Pub. date: 2010 | Online Pub. Date: May 06, 2010 | DOI: 10.4135/9781412958660 | Print ISBN: 9781412958653 | Online ISBN: 9781412958660| Publisher:SAGE Publications, Inc.About this encyclopedia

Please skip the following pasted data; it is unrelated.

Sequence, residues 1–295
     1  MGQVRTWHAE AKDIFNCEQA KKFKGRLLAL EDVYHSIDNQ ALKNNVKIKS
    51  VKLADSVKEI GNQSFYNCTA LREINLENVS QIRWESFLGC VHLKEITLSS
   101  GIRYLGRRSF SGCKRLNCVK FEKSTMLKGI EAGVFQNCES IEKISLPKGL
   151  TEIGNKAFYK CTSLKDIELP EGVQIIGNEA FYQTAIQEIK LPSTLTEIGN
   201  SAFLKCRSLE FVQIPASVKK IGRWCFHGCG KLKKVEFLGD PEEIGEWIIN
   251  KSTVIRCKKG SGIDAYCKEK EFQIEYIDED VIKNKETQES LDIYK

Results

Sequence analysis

The word historicism (Historismus in German) was probably first used by the German literary critic Friedrich von Schlegel in 1797 when praising the art historian Johann Winckelmann for his awareness of the “immeasurable distinctness” of antiquity when compared to the present. Less than half a century before David Hume (1972) had still claimed that “mankind are so much the same, in all times and places, that history informs us of nothing new or strange in this particular” (p. 83). Apparently, somewhere between Hume and Schlegel a revolution had taken place in how the West related to its past. The term historicism is ordinarily used for referring to this revolution, which was characterized by Karl Mannheim, in what still is the best account of historicism, as the exchange of a “static” for a “dynamic” conception of the world. So not standstill but change was now seen as the normal condition Self-evidently, ...